This is the title page to The Vindication of Christmas, or His twelve yeares observations upon the times (London, 1652). It’s George Thomason’s copy, so despite the poor quality of the image you can see where he’s methodically crossed out the New Style 1653 and replaced it with an Old Style 1652.
In the woodcut you can see Father Christmas in the middle saying “O Sir I bring good cheere”. On the left, a soldier says, “Keep out, you come not here” whilst putting one hand to his sword. On the right, a countryman (with a basket on a stick) says, “Old Christmas welcome; Do not fear”. The sub-title explains more about the politicised content underlying the woodcut:
The Vindication of Christmas, or His twelve yeares observations upon the times, concerning the lamentable game called sweepstake; acted by general plunder, and major general tax; with his exhortation to the people; a description of that oppressing ringworm called excise; and the manner how our high and might Christmas ale that formerly would knock down Hercules, & trip up the heels of a giant, strook deep consumption with a blow from Westminster.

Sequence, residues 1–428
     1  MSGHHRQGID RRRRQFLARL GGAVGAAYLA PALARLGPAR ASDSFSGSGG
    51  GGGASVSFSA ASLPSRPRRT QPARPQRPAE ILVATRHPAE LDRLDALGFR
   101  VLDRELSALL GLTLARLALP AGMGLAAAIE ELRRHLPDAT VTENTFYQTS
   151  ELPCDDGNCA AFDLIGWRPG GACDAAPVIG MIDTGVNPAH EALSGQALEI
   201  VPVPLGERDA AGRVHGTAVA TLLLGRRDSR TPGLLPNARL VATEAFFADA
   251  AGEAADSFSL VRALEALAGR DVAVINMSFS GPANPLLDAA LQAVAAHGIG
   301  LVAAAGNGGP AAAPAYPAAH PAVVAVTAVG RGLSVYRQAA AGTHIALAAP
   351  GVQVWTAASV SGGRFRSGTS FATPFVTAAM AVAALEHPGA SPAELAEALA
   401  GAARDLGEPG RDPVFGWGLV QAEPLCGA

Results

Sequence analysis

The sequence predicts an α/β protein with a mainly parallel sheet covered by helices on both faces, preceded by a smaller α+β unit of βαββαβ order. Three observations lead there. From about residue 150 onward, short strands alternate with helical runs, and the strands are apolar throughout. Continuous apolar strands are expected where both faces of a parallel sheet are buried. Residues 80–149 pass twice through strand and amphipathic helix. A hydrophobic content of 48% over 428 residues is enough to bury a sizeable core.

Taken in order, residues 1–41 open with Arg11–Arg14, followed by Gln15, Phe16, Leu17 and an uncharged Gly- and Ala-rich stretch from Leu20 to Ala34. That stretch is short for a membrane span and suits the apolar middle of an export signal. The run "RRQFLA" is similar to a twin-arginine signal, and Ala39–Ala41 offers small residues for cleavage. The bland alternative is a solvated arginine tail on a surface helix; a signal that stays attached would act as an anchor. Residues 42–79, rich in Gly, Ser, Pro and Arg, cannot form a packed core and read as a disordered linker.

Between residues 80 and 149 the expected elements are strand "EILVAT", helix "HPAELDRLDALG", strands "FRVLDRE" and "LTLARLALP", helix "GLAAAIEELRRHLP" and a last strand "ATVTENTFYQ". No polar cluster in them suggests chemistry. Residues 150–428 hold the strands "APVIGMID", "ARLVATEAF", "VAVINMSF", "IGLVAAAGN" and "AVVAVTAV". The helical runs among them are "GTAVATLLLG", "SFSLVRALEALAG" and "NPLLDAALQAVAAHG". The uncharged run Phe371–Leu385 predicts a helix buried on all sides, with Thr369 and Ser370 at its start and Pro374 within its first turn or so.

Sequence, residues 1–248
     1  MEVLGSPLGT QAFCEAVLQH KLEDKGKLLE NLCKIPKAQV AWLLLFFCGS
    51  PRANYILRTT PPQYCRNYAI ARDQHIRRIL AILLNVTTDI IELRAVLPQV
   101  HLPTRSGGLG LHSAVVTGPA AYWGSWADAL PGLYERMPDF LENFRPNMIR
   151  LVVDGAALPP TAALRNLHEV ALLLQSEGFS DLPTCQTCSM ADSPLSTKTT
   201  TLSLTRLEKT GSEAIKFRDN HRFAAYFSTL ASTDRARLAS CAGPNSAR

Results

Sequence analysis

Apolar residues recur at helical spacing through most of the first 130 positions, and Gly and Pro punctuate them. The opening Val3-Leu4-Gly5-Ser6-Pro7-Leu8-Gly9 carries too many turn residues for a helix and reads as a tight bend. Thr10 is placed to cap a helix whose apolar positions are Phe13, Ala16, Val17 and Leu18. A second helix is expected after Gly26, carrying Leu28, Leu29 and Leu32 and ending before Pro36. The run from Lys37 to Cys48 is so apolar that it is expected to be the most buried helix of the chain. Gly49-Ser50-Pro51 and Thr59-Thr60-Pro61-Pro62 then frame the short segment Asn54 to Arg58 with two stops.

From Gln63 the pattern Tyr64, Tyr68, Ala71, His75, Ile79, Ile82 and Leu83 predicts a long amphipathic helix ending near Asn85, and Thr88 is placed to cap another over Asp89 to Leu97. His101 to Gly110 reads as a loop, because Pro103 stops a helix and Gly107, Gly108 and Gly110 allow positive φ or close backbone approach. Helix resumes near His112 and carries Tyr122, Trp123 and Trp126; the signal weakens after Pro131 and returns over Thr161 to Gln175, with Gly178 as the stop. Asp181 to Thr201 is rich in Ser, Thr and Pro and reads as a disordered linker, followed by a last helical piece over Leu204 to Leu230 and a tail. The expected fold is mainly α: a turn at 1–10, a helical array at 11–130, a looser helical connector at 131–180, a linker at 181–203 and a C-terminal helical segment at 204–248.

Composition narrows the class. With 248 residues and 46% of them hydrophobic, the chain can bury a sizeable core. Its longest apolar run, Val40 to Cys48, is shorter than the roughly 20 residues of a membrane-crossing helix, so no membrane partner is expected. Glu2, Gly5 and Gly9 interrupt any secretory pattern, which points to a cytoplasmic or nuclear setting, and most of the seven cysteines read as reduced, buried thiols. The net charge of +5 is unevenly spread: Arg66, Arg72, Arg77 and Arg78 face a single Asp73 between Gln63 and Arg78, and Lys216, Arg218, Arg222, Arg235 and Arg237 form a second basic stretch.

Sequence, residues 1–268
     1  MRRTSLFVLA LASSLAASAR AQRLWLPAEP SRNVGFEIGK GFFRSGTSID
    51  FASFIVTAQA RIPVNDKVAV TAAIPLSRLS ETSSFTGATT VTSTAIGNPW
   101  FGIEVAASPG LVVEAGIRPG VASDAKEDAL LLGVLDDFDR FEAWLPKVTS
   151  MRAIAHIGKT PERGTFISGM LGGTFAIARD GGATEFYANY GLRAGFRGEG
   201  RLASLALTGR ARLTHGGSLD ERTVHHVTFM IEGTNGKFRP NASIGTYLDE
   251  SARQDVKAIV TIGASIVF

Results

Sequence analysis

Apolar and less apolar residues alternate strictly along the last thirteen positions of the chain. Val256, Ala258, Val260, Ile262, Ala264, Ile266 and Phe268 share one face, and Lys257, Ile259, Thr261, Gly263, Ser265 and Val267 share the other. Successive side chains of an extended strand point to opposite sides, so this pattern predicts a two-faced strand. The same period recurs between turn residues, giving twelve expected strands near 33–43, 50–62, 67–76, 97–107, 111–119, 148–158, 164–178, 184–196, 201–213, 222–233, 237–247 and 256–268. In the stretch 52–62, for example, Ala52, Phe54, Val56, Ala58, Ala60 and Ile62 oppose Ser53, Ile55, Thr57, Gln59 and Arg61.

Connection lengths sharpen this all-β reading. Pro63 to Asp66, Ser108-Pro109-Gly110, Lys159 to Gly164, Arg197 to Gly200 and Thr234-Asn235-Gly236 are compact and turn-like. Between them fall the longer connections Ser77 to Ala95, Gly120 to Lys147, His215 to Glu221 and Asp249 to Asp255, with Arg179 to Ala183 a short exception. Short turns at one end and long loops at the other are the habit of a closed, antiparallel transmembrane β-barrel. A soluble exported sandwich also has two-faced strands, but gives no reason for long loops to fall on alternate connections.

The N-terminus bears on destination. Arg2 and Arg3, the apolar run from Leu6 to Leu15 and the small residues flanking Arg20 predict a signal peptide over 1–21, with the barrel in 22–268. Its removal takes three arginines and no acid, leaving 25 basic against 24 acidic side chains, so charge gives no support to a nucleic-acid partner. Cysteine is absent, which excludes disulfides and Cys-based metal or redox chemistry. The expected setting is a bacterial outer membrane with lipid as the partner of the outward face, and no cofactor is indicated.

In the text, Father Christmas laments that “some over-curious hot zealous Brethren” tried to proclaim him to be dead by preaching funeral sermons. The zealots have gone on to assume and abuse their power, but Father Christmas comforts himself that many still believe in Christ and Christmas alike.
Father Christmas then tours London, where he meets wonderful Scrooge-like characters such as Sir Achitophel Pinchgut and M. Miser: plus a spendthrift son, Mr Pound-Foolish.
He then goes to Devonshire, to spend Christmas with some farmers. There he has dinner, roasts apples on the fire, plays cards, dances with “plow-boys” and “maidservants”, and sings the following carol:
Let’s dance and sing, and make good chear,
For Christmas comes but once a year:
Draw hogsheads dry, let flagons fly,
For now the bells shall ring;
Whilst we endeavor to make good
The title ‘gainst a King.
This is supposed to be sung to “the tune of hey”. There are a few songs this might be, but I think it might be “Hey boys up go we” (although I’m happy to be corrected by any ballad experts out there!).
Merry Christmas and thanks for reading this blog during the last twelve months. For more early modern Christmas posts check out:
- Edward Vallance on interregnum attempts to ban Christmas.
- Rich at Chronologi Cogitationes on Christmas in 1626.